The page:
China: Internet users turn to the blockchain to fight govt censorship

China: Internet users turn to the blockchain to fight govt censorship


For a small fee, anyone can post sensitive documents publicly on a blockchain. Source: Wit Olszewski/Shutterstock

THANKS to blockchain, internet users have achieved some victories in the fight against China’s strict internet censorship.

A historic moment was made on April 23. Peking University‘s former student, Yue Xin, had penned a letter detailing the university’s attempts to hide sexual misconduct. The case involved a student, Gao Yan, who committed suicide in 1998 after a professor sexually assaulted and then harassed her.

The letter was blocked by Chinese social networking websites, but an anonymous user posted it on the Ethereum blockchain.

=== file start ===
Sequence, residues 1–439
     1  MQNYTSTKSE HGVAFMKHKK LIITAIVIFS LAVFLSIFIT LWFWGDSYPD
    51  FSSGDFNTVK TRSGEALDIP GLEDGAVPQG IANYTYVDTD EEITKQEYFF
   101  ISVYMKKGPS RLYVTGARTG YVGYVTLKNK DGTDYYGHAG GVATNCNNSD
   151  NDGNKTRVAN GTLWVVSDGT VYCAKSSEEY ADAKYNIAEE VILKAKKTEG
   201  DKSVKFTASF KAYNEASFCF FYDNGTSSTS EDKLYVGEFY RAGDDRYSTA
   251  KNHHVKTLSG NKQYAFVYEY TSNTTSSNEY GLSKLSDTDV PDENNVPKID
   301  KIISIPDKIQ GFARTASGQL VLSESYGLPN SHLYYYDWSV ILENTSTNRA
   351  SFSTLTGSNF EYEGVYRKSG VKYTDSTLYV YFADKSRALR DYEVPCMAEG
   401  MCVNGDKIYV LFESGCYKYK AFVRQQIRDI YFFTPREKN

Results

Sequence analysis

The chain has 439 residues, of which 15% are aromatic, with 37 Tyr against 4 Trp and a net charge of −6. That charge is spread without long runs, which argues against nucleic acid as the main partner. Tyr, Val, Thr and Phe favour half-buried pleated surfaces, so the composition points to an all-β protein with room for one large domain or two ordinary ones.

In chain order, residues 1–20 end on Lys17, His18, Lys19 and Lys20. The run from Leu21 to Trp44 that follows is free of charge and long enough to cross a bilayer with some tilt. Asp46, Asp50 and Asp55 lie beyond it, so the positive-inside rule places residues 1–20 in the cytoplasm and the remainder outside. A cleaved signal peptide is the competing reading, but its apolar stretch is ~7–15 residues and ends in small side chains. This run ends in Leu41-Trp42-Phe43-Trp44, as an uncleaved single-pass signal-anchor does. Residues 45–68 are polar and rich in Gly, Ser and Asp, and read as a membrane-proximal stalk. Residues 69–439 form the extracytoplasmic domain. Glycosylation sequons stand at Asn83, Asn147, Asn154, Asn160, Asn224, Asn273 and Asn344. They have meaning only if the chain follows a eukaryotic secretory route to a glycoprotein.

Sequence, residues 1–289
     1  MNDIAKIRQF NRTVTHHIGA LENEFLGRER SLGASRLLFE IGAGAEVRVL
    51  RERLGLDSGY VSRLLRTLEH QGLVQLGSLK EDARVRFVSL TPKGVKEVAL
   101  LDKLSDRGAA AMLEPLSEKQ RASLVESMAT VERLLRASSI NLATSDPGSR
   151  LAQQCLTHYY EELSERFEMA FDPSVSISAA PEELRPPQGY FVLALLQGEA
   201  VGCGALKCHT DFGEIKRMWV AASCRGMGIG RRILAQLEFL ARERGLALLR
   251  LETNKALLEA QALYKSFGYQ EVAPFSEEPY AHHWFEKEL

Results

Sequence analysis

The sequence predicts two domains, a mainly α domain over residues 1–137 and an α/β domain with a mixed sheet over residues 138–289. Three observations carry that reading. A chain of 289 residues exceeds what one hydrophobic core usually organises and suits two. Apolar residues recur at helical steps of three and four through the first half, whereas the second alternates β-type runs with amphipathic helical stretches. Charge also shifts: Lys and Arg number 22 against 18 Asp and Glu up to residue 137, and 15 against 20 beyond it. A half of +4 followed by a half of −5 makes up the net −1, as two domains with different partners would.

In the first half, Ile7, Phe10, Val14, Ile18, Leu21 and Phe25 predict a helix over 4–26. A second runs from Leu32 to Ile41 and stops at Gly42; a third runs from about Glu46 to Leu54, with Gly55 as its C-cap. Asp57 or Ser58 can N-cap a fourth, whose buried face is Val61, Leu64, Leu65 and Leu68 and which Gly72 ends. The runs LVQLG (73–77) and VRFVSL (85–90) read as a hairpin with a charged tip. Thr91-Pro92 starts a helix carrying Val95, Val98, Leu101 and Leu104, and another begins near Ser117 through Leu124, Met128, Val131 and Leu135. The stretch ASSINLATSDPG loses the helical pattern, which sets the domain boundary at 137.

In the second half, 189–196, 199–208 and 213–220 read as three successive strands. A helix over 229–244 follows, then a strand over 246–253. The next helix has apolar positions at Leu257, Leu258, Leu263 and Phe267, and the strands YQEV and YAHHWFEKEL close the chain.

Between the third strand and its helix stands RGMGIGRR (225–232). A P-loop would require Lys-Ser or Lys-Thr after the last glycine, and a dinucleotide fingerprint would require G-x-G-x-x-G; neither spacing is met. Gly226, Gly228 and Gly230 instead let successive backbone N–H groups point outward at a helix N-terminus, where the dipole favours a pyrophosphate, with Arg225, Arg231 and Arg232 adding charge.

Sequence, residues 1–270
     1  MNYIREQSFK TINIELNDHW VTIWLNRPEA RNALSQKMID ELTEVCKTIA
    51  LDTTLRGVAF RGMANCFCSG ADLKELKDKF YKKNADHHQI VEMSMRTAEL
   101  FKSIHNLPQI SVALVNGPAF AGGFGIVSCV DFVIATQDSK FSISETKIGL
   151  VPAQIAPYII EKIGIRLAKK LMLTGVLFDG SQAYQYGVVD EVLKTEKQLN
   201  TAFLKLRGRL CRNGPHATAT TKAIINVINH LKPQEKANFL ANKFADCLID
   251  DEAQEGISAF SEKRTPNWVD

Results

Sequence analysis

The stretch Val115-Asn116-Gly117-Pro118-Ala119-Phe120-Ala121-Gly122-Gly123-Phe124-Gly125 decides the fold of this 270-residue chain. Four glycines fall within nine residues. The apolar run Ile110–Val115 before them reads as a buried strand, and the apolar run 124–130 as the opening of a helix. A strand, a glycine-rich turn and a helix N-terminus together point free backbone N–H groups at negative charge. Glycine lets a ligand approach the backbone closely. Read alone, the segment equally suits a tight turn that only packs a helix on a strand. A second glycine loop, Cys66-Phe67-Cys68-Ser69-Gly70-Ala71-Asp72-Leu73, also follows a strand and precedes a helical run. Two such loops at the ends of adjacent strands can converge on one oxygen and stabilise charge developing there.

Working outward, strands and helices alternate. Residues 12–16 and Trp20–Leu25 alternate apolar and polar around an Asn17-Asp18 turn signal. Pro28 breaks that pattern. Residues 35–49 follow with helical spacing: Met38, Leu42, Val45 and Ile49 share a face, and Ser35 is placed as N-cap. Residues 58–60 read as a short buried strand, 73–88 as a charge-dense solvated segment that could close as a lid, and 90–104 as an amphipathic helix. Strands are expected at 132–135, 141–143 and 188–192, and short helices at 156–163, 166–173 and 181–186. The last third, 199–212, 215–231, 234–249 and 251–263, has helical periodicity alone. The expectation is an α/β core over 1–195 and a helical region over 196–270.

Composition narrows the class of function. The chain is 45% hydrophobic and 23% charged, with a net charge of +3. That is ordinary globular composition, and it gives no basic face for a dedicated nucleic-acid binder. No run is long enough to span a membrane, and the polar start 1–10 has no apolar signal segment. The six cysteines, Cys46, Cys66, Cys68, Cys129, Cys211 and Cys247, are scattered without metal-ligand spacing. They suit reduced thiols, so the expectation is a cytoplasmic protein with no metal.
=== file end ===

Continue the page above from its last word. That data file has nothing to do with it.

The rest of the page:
In another case, in July, Chinese citizens used blockchain to preserve an investigative story which condemned inferior vaccines being given to Chinese babies. The vaccines produced by Shenzhen-based Changsheng Bio-Tech failed to fight tetanus and whooping cough. The company has also allegedly faked data for about 113,000 doses of human rabies vaccine.

SEE ALSO: What some governments in Asia are doing with blockchain

A blockchain is a secure database that’s stored in a distributed set of computers. Ev

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